The directive, which is behind schedule, will require federal agencies to develop and outline specific actions they will take to be more open to the public.
President Obama's Open Government Directive will released by the end of this month, possibly within the next two weeks, according to the White House. The directive, which is overdue, will require federal agencies to outline specific actions they will take to be more open to the public.
The Open Government Directive was called for by Obama in his "Transparency and Open Government" memo, issued on Jan. 21, his first full day in office. The President directed federal CTO Aneesh Chopra to work with the OMB and the Administrator of General Services to describe "specific actions" agencies could take to implement the principles of open government.
It's taken longer than expected to complete and release the directive. In early September, Chopra said the document would be ready in a few weeks, but October came and went without its release. Now the White House is signaling that it will be released sometime this month.
On Nov. 3, the Office of Science and Technology Policy said through its Twitter feed that the President would release the Open Government Directive "in mid-November."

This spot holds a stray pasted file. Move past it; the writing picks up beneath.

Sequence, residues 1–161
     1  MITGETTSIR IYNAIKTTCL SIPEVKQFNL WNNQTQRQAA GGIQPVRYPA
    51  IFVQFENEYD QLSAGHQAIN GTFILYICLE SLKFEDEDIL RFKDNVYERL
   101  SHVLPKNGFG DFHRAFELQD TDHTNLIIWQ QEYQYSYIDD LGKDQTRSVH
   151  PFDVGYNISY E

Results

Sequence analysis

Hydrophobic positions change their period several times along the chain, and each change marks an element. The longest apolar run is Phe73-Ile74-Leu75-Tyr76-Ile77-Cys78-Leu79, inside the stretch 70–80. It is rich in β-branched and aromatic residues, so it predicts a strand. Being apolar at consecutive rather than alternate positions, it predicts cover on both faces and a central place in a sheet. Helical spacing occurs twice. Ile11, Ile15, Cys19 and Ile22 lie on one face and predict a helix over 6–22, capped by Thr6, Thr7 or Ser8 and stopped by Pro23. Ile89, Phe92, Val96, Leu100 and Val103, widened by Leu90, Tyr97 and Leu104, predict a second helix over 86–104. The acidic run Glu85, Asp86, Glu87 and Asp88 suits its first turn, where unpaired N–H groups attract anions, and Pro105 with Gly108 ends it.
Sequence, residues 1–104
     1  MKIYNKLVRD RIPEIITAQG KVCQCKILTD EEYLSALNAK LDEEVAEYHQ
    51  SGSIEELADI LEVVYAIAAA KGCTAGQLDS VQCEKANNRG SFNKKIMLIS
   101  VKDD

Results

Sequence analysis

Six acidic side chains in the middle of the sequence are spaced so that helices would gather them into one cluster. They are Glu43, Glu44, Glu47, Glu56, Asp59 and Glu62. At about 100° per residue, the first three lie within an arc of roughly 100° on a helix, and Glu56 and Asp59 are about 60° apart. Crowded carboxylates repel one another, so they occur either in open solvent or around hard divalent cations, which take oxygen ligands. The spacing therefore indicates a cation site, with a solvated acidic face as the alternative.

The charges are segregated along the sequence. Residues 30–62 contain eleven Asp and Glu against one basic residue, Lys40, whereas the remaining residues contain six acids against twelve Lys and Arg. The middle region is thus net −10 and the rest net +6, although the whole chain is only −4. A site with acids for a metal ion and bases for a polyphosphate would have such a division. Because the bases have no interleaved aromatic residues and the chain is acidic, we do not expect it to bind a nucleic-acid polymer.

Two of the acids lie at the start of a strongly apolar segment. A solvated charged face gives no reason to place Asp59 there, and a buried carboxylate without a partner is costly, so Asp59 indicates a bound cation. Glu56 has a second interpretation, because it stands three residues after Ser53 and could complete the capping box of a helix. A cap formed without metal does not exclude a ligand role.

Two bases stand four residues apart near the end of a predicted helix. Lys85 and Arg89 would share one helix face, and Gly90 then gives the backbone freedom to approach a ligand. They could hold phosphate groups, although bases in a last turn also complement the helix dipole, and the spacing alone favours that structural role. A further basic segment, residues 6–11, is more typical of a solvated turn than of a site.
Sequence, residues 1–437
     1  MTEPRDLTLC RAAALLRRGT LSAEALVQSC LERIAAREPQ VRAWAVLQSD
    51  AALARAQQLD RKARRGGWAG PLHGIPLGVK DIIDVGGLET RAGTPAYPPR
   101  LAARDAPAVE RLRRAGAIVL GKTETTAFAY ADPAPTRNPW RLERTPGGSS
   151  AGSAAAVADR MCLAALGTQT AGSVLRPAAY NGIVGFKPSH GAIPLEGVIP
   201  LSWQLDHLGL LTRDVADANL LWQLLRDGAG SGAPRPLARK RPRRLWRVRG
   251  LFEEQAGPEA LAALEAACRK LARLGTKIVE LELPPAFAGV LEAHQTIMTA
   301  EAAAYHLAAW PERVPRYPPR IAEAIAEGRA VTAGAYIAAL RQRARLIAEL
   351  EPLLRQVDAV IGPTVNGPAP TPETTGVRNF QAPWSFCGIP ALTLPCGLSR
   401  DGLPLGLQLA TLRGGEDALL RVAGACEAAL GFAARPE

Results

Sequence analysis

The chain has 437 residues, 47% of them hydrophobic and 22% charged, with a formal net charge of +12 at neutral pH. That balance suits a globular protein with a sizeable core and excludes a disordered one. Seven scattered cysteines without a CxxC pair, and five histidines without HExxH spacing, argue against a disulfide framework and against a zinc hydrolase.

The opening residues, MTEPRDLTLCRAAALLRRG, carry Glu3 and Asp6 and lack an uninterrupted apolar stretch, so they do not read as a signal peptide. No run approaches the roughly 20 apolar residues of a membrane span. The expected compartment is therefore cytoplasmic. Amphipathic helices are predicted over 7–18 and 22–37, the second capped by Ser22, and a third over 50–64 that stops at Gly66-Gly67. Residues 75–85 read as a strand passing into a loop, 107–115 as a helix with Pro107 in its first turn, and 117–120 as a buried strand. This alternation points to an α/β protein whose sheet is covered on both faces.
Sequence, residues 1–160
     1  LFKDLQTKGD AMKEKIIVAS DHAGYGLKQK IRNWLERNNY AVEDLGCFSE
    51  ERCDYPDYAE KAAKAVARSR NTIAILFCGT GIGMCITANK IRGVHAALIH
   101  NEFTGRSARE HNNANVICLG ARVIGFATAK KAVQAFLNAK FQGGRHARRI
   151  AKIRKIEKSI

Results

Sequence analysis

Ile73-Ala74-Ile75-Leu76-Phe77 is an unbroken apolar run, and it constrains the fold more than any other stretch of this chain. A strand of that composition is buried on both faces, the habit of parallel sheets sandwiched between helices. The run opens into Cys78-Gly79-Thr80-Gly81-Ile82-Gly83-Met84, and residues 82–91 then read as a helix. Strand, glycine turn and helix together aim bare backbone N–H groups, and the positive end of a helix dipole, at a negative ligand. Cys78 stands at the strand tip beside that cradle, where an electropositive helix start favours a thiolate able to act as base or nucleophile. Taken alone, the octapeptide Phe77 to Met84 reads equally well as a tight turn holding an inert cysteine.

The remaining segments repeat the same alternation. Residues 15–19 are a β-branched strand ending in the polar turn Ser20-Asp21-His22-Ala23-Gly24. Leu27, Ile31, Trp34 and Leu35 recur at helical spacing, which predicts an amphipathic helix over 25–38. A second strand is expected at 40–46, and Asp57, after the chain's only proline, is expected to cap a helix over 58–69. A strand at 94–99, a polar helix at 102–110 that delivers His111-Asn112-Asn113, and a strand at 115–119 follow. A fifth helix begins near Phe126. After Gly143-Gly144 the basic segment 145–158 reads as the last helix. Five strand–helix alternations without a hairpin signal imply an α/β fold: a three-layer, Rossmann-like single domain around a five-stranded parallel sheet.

Chopra, in Baltimore today to speak at a tedX MidAltantic conference, was not as firm in his commitment. "I would be really disappointed if it isn't out by the end of the month," he said in a brief interview at the event.
The Open Government Directive is being developed with public input. In September, speaking at the Gov 2.0 Summit, Chopra said the directive would outline steps that federal agencies need to take to "hardwire the capability" for transparent, collaborative, participatory government into their processes. Among other things, agencies will be required to release more data in machine-readable formats for public consumption.
In the meantime, the Obama administration has taken a number of steps to release more information to the public, including launching the Data.gov, Recovery.gov and IT Dashboard Web sites, agreeing to release White House visitor logs, and promising to accelerate Freedom of Information Act requests.
Nevertheless, some have criticized the administration for withholding documents about companies and individuals who lobbied for immunity for warrantless wiretaps, details of the FBI's criminal database, and some other information the media and public interest groups have sought.
InformationWeek Analytics has published a guide to the Open Government Directive and what it means for federal CIOs. Download the report here (registration required).
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